(Urban) Animal of the week #8: Reindeer


Did you know their wee may be laced with psychoactive compounds? Animal expert Peter Hayward gives us the lowdown on this most seasonal of mammals



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Their feet change throughout the year to cross ice in winter and mud in summer. Image: Creative Commons

Not a permanent resident of the UK, of course – let alone north London – but if you look up into the skies this week you might catch a glimpse nine reindeers dragging along the sled of Father Christmas himself. Pub quiz afficionados will have no trouble rattling off the names: Dasher, Dancer, Prancer, Donner, Blitzen, Comet, Cupid, Vixen, and that alcoholic interloper Rudolf – but what else do you know about these enchanted seasonal visitors?

Reindeer are found all around the Arctic, from the Canadian tundra to the Siberian forests. They are the only deer in which both sexes have antlers. The “rein” in their name does not refer to the harness with which the pull they sleigh, but is from the Old Norse “hreinn” meaning “reindeer”, so “reindeer” literally means, er, “reindeerdeer”. Okaaay.

Cave paintings attests to their importance to humans for millennia, and to a distribution that once reached much further south. They are remarkably adapted to their environment with coats so well insulated that when they lie down snow beneath them doesn’t melt. Their feet change throughout the year to allow them to cross ice in winter and mud in summer; and they need to be efficient travellers, as some herds in North American make annual migrations of over 5000 km, the longest of any land mammal.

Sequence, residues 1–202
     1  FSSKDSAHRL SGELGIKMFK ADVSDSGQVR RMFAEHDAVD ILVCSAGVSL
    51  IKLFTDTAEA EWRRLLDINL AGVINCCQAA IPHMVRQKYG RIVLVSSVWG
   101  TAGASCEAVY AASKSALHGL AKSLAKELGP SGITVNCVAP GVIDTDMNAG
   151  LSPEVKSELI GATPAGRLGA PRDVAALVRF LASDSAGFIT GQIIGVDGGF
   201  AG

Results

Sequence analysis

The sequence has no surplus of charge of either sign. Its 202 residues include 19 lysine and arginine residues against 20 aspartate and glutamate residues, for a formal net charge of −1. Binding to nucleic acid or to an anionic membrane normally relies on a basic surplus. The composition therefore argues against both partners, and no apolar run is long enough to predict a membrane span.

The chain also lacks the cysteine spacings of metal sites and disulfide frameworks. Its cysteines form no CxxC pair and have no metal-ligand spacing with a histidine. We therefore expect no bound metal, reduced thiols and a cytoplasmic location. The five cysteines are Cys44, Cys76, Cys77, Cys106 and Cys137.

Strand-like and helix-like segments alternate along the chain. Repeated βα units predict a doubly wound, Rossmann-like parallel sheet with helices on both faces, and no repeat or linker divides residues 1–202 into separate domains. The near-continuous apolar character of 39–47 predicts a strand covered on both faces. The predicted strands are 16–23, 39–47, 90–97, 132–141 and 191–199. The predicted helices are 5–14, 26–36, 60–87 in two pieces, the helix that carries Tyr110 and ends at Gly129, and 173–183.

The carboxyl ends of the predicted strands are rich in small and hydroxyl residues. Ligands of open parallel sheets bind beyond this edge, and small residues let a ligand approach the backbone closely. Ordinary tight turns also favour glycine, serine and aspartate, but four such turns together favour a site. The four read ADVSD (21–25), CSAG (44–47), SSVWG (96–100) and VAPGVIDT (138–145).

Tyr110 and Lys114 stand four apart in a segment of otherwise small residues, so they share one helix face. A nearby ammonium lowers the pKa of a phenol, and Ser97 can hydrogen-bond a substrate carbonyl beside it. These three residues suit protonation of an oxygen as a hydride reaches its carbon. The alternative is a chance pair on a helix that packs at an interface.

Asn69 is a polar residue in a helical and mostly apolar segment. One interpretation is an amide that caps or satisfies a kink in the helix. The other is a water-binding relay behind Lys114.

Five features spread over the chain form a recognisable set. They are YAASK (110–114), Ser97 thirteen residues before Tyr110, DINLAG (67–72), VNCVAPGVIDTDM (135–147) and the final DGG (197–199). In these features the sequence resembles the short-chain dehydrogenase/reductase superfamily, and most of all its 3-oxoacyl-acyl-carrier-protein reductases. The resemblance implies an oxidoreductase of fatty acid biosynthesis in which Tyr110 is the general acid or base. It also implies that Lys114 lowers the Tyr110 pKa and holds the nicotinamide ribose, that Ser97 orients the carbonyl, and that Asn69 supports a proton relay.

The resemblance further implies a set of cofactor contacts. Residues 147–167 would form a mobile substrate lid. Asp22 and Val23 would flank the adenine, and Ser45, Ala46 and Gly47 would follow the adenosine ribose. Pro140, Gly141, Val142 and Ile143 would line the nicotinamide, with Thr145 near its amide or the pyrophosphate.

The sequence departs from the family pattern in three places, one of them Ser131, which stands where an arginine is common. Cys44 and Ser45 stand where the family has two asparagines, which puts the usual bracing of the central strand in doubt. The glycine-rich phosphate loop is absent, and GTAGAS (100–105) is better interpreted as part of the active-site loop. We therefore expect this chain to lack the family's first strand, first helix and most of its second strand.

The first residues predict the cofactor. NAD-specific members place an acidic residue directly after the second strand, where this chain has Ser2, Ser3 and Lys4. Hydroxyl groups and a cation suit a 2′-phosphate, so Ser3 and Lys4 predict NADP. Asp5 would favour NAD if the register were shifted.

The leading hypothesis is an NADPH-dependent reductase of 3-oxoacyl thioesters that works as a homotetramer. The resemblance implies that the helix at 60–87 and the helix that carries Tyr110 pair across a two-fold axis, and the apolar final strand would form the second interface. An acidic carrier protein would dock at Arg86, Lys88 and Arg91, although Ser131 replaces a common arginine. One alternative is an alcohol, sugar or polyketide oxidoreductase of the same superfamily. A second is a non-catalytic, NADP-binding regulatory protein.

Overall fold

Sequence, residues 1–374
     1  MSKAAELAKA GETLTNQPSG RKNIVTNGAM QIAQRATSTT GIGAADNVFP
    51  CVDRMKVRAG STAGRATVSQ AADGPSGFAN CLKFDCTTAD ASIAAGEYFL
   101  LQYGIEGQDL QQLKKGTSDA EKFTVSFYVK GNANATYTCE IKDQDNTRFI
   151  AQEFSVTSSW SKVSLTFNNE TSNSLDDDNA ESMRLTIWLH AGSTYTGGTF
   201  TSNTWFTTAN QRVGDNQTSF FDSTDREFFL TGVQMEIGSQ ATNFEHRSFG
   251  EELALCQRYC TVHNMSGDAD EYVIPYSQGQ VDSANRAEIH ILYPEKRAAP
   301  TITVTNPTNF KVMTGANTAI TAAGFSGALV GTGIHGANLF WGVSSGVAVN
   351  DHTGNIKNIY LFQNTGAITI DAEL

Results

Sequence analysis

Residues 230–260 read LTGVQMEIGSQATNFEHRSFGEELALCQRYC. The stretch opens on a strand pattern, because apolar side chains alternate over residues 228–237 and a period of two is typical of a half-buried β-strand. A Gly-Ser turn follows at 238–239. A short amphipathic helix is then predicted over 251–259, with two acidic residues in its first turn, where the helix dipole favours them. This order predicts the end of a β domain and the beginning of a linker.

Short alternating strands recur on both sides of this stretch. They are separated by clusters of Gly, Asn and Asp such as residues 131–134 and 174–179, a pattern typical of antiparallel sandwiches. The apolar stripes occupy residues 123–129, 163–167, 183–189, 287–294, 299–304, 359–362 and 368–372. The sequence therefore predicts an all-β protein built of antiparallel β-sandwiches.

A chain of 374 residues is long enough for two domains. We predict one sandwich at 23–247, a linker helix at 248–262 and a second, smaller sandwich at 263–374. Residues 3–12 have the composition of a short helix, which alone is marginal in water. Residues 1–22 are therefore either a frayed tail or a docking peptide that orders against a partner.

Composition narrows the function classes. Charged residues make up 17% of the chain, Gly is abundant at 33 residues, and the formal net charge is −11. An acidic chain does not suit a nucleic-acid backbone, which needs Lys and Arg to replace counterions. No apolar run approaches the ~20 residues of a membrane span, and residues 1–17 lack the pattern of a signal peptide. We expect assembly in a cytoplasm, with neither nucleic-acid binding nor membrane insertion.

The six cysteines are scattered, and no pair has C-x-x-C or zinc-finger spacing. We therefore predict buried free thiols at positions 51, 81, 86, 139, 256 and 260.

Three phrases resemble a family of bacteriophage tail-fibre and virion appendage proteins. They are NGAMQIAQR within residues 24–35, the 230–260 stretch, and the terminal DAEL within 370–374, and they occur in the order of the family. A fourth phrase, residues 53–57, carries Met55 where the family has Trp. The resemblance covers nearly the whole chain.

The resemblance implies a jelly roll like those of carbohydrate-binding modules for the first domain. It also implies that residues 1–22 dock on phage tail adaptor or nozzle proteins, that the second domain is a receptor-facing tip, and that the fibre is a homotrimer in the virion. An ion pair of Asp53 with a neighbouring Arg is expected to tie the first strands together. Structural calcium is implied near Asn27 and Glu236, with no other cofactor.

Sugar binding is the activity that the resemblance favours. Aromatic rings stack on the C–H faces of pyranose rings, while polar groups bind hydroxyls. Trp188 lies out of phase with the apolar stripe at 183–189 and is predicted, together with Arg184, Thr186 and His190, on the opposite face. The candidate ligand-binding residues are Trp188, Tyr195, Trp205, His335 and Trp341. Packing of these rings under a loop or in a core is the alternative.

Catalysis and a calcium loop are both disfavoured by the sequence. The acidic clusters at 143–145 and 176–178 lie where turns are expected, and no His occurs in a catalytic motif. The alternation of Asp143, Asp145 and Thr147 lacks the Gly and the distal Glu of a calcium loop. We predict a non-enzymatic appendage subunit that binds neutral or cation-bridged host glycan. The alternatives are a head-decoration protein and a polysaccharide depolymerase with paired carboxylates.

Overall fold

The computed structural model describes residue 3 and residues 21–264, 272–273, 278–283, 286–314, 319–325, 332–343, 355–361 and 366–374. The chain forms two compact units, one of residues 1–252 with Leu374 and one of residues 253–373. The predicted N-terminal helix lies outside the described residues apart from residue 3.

Semi-nomadic herders use reindeer for their meat, milk, fur, antlers – and even their urine. For most of the year reindeer eat lichen, but in autumn, herders feed them on fly agaric toadstools (the archetypal fairytale mushroom, red with white spots). Fly agarics are toxic and liable to make people very ill if consumed directly, but after reindeer eat them their wee is laced with psychoactive compounds. Boiled down to concentrate the wacky, when drunk the urine has dissociative and perception-distorting properties.


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Suddenly the legend of a Santa – dressed in red and white, flying through the sky on a sled pulled by reindeer – starts to make sense.

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Dartmouth Park-based writer Peter Hayward trained in zoology and evolutionary biology before becoming editor of a medical journal, starting his Animal Of The Week blog back in 2004 @animaloftheweek

That’s our last Urban Animal of the Week for this year. Missed any? Head here for more typical north London beasties. Want more? Name your urban animal below.


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